The chance to improve a life through your daily work. That’s a huge driver for the caregivers who have built their careers at CoxHealth. During our 2017 Employee Recognition Banquet, we caught up with a few of this year’s honorees and asked them about why they love the work they do. Below is one of those stories.
800 Neuro, Cox South, 24 years
Chris Baker says a traumatic experience at a young age helped to shape her future as a caregiver.
At age 5, she was in a car accident with her mom, a cousin and her younger sister. The car rolled onto its top, but Chris got free and followed her mom’s instructions in caring for her sister and cousin. Her sister was unresponsive and Chris recalls clearly the ride in the ambulance.
“All the way to the hospital, I was trying to wake my sister up,” she says. “She had a severe concussion. I remember talking to her, telling her that Big Bird was here to see her – just telling her everything I could think of to get her to wake up.”
At other times in her life, when someone was in pain, Chris was there to make things right.
“Maybe I was born with it,” says Chris. “It’s almost been second nature to me, my whole life. My sister is two years younger than me. She’d skin a knee and I’d be the one to scoop her up and go take care of her.”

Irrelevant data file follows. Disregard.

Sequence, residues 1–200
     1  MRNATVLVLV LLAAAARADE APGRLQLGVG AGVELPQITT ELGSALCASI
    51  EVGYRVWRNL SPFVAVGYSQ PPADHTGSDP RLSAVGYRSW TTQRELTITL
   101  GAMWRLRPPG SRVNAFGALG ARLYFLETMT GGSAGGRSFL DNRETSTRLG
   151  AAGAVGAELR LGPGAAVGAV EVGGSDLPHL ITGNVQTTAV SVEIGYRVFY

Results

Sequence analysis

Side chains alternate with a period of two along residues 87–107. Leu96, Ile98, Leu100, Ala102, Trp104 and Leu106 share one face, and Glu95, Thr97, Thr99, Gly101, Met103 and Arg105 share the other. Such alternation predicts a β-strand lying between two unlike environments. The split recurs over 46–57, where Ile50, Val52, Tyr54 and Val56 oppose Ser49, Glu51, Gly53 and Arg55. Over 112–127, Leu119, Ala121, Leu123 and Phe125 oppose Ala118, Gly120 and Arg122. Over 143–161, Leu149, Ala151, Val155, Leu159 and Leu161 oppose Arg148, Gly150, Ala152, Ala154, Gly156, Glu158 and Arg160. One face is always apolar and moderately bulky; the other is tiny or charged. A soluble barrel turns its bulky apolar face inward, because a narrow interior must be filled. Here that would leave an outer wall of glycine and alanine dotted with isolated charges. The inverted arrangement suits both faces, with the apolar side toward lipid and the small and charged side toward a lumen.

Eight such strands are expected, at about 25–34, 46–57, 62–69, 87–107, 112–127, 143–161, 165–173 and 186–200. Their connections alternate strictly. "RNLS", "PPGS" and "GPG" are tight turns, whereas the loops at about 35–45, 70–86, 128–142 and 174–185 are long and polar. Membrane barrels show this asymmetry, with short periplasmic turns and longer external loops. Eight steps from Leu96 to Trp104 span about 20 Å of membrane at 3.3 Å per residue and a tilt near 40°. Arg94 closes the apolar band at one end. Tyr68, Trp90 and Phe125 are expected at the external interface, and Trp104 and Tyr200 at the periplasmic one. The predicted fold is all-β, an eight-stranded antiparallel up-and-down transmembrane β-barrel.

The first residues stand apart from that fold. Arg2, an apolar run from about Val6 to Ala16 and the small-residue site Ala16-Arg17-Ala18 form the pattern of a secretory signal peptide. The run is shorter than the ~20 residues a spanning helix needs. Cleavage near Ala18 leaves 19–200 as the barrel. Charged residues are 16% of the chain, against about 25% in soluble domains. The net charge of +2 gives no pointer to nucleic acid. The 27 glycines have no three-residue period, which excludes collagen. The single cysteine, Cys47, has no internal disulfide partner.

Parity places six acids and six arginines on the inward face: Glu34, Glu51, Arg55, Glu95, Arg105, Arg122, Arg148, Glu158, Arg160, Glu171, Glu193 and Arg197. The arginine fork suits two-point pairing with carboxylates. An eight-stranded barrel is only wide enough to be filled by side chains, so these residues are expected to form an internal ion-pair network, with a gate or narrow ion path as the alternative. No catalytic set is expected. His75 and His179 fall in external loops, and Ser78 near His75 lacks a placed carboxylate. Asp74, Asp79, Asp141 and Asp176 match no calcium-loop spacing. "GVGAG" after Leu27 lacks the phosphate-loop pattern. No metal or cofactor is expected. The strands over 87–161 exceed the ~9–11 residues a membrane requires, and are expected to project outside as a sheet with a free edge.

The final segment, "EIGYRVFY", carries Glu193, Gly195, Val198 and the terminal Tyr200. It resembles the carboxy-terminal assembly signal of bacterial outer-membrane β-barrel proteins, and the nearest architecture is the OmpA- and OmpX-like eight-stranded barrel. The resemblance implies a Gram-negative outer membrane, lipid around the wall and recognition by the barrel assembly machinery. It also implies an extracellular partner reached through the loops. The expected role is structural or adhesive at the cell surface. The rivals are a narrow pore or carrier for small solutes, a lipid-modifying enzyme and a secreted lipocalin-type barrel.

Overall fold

Her grandmother was a nurse and when she was 18, Chris rode along with friends who were volunteer firefighters, which sparked her interest in EMS and led to her first job in health care. She went to nursing school, graduating in 2010 and has worked with neuro patients on 800 at Cox South.
“On our unit, we’re fluid and we help each other. That’s the biggest thing about working here, everyone works together,” says Chris. “People ask if you’re OK if you’re having a bad day, and they cheer you on on a good day. And Cox supports their employees for education and to better yourself – that’s the culture here – education and support. It’s a great place to work and grow and spread your wings.”
The same passion she developed at a young age is still fueling her desire to help people in need.
“To know that you eased someone’s pain, that you felt like you made a difference for someone, made them more comfortable, repositioning them or listening to them. Those sound like simple things, but they’re not simple if you’re lying in the bed,” says Chris. “My personal goal is that all my patients need to smile at least once during my shift. If I leave and they’ve smiled, I’ve done my job.”